Binding a mandolin pickguard

Don MacRostie of Red Diamond mandolins explains the steps of binding a mandolin pickguard.

• Cut the pickguard shape
• Bending and binding the pickguard
• Mitering and buffing


Don MacRostie is StewMac's resident expert on mandolin building. Here's how Don creates a pickguard for his custom built "Red Diamond" mandolins.

Cut the pickguard shape

Don rough-cuts the pickguard with heavy shears.

Cutting the pickguard

A layer of double-stick tape on this phenolic router jig will hold the tortoise down as Don routs the roughed-in edge to shape. The tortoise blank also bears against the recessed-ledge machined into the rear edge of the template as support against the force of the router bit.

Double stick tape

The tortoise plastic overhangs the actual shape of the template (note how it butts against the ledge.) A flush-cutting ball-bearing router bit follows the template...


...and the dust collector sucks up the chips.

Dust collector sucks us the chips

Don uses the pop-together flexible "Loc-Line" plastic hosing for dust-collection, it can be bent out of the way when not in use.

Loc-Line plastic hosing

Bending and binding the pickguard

This plywood jig is for bending the binding before gluing it on. The jig has a "binding ledge" that matches the pickguard shape exactly (the pickguard is just resting there for demonstration). Don heats the binding with a heat gun to soften it and holds the start against the ledge with a rubber band.

Heating the binding with a heat gun

Using a heat gun, Don softens and bends the binding all the way around (or a hair dryer can work too).

Softening the binding

He holds the plastic momentarily as it cools before going on to the next bend...

Holding the plastic

...leaving the heat gun running and resting in its stand.

Heat gun resting

A rubber clamping band holds the binding in place to cool on the form.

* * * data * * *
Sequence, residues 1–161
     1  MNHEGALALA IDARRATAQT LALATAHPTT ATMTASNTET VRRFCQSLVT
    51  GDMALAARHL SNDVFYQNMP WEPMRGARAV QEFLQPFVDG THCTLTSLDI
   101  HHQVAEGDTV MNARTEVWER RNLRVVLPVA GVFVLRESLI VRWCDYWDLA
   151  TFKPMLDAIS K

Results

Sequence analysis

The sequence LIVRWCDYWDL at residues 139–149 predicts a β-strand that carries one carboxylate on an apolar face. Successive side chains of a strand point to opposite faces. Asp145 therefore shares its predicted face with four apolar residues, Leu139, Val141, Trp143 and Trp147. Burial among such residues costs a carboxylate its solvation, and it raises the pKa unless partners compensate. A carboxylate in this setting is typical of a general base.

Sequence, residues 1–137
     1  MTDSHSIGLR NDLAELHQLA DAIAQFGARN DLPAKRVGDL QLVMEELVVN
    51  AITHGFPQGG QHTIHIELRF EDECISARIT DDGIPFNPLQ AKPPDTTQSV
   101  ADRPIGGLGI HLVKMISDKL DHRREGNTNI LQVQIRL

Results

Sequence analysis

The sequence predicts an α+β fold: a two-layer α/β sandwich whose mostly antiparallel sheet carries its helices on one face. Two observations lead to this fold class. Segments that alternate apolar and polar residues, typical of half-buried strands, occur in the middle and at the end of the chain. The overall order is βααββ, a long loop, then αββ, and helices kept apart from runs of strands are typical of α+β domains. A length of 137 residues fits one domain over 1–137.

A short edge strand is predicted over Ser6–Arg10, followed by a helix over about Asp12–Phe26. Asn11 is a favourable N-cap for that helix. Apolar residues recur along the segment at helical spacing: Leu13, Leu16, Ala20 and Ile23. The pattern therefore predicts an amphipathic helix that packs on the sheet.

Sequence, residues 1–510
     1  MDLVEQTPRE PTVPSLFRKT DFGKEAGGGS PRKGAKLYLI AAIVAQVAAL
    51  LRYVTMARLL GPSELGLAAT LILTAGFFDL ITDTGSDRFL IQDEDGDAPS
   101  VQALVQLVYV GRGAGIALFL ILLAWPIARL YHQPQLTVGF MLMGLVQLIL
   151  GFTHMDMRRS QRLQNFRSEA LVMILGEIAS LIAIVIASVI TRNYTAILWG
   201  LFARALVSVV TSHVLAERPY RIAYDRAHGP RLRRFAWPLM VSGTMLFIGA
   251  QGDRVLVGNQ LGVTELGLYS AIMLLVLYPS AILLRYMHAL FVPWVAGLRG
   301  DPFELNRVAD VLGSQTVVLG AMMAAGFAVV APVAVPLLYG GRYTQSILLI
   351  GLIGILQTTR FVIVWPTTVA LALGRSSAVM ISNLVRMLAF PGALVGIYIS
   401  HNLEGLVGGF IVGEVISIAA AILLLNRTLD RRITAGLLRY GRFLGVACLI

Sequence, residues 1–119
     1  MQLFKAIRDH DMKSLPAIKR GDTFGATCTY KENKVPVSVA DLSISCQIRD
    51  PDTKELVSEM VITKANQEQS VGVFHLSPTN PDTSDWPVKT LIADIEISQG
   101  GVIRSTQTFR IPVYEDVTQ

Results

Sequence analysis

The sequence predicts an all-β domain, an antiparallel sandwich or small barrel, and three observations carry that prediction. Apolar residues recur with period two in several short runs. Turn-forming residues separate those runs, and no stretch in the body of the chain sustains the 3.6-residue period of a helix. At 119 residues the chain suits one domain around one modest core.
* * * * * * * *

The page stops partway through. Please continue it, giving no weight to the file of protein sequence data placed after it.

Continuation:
Rubber clamping band

With the pickguard clamped in a padded vise, the pre-shaped binding is easy to glue on with Bind-ALL glue for plastic binding.

Gluing with the Bind-ALL glue

Don moves the binding slightly against the tortoise to create suction, holds it in place for a few seconds, and he's able to let go. The binding stays in place without rubber bands once it "bites" in and sets.

The binding stays in places once it sets

The glued joint remains malleable for a minute or two, and Don can push the binding level with the tortoise. The glue sets so quickly that taping the binding in place is unnecessary.

The glue sets quickly

Mitering and buffering

Once the curves are glued, Don cuts the two mitered ends of the straight piece using the shiny face of the chisel to tell him when the angle of the cut is correct.

Cutting the mitered ends

After running a bead of Bind-ALL glue; press the strip in place.

Adding the Bind-ALL glue

Don brushes acetone onto the mitered corners...

Brushing the acetone

...and squeezes the joint tightly together.

Joint tightly

The new acrylic-faced tortoise pickguard material is ready to sand and buff in three days. Don block-sands the entire pickguard to flush the binding and remove glue marks using our 3M Gold Fre-Cut Sandpaper. He starts with 150-grit and goes through all the grits up to 800-grit. Then he's ready to buff.

Ready to buff

He buffs the pickguard to a gloss using our ColorTone Polishing Compounds. First with medium compound, then with fine compound on the Buffing Arbor.

Buffing the pickguard

The final glossy pickguard.

The final glossy pickguard

Next: Make your own binding

It's easy to make your own white/black/white laminated bindings, with our Binding Laminator. It presses multiple pieces of binding material together, so that acetone can bond them. Click here to read how you can do it!

The glue sets quickly

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